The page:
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Cop Accused Of Violently Assaulting A Pregnant Woman. For The Second Time.

Thu, 2016-01-07 18:00

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CHICAGO (CN) - A police officer accused of past misconduct faces a new federal complaint accusing him of raping a pregnant woman and threatening to arrest her if she resisted.


Identifying herself only as Jane Doe, the woman filed the complaint on Wednesday against Richard Jones and the city of Harvey, a south suburb of Chicago.


Doe, who says she is 20, says Jones began harassing her in June 2015.


The Harvey police officer allegedly added his phone number to her cellphone without her consent, and began calling her repeatedly. Doe says she did not answer his calls or messages.


In August, when Doe was visibly pregnant, Jones saw her at a gas station and made comments to her such as "You know how good you look," "I've wanted you since the first day I saw you when you were wearing that dress," and, "There are so many things I would like to do to you," according to the lawsuit.


The next day, Jones pulled Doe over for driving without a license and ordered her to follow him to a nearby train parking lot, she says.


He allegedly waved her into a secluded area behind the parking lot, then forced her to perform oral sex on him.


Jones then ordered Doe to bend over the car, where he raped her, ignoring her protests and the fact that she was pregnant, according to the complaint. She claims he threatened to arrest her if she did not comply with his demands.


Jones remains on the force, despite the fact that this is not the first time he has been accused of misconduct against a pregnant woman, Doe says.


In 2011, Jones allegedly caused 17-year-old Kwamesha Sharp to miscarry by kneeing her in the stomach and sending the ambulance away. A settlement in her case could cost the city up to $1 million, the Chicago Tribune reported last year.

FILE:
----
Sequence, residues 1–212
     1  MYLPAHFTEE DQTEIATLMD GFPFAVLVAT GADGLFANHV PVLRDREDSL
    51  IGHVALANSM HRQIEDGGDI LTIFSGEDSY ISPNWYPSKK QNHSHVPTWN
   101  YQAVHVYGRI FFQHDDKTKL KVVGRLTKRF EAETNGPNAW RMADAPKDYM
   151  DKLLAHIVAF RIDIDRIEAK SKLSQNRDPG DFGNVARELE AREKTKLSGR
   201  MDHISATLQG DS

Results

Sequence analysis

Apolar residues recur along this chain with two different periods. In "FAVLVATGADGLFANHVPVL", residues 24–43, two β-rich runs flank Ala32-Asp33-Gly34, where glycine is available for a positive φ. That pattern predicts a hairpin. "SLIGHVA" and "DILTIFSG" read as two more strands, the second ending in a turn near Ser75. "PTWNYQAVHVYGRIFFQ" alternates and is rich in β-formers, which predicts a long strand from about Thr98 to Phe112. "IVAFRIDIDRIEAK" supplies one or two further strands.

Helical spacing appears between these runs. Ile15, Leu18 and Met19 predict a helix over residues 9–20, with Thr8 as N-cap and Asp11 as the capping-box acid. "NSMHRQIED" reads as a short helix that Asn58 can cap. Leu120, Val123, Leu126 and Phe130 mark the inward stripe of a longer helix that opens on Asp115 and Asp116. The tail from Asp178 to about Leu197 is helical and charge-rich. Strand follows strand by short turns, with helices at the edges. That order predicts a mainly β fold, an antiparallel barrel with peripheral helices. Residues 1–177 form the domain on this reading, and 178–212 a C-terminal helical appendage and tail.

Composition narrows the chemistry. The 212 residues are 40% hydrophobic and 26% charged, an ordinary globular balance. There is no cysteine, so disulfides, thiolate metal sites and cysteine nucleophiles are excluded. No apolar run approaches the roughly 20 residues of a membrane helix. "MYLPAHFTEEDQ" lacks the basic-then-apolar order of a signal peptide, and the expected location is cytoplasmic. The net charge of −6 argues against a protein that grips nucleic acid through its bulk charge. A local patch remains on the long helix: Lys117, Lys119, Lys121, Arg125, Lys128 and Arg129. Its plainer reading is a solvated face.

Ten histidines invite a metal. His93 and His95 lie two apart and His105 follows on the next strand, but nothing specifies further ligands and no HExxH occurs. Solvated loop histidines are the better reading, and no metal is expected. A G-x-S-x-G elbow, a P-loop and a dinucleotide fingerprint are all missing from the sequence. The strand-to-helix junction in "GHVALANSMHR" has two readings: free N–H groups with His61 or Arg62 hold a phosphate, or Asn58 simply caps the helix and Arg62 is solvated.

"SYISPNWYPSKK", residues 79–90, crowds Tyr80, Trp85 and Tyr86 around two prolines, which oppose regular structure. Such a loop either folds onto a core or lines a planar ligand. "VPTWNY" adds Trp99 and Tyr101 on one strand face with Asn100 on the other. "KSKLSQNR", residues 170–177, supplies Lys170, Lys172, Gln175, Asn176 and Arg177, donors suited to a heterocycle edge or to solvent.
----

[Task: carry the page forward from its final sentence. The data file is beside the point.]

The Tribune detailed Sharp's case in an investigation of policing in Harvey, Ill., a town it said provides "perhaps the clearest view of the breakdown of oversight" of police in Illinois, in a state already infamous for its lack of police oversight.


"This is Illinois, where the state-imposed ethical standards for a cosmetologist are far higher than those for a cop," the Tribune's report begins.


Sharp's allegations did not trigger any state review of the officer's actions that day, according to the Tribune.


Instead, a special police committee reportedly gave Jones one of 71 statewide bravery awards.


Recent evidence of the lack of police oversight in Chicago, and the uproar over the video of Laquan McDonald's shooting, has trigger major personnel changes in the city's police department and the Independent Police Review Board. The board allegedly fired one of its investigators last year for finding a police shooting unjustified.


But Harvey Mayor Eric Kellogg, himself a part-time police officer in a neighboring town, has opposed an outside review of the department.


The U.S. Justice Department investigated the city in 2008 after dozens of rape kits were found unprocessed - and some of the men connected to those kits had raped again.


It concluded in 2012 that the city's "system for reporting, reviewing and investigating use of force is grossly deficient and creates a high risk of excessive force."


The Justice Department recommended that Harvey implement clear policies on the use of force, and expand its investigations of allegations against police officers. However, it is unclear if Harvey has adopted any of the suggestions.


The City of Harvey did not immediately respond to a request for comment made Thursday at noon.


Doe is represented by Ronak Maisuria with Erickson & Oppenheimer, the same firm that represents Sharp. She seeks compensatory and punitive damages.


This story was originally published by Courthouse News.


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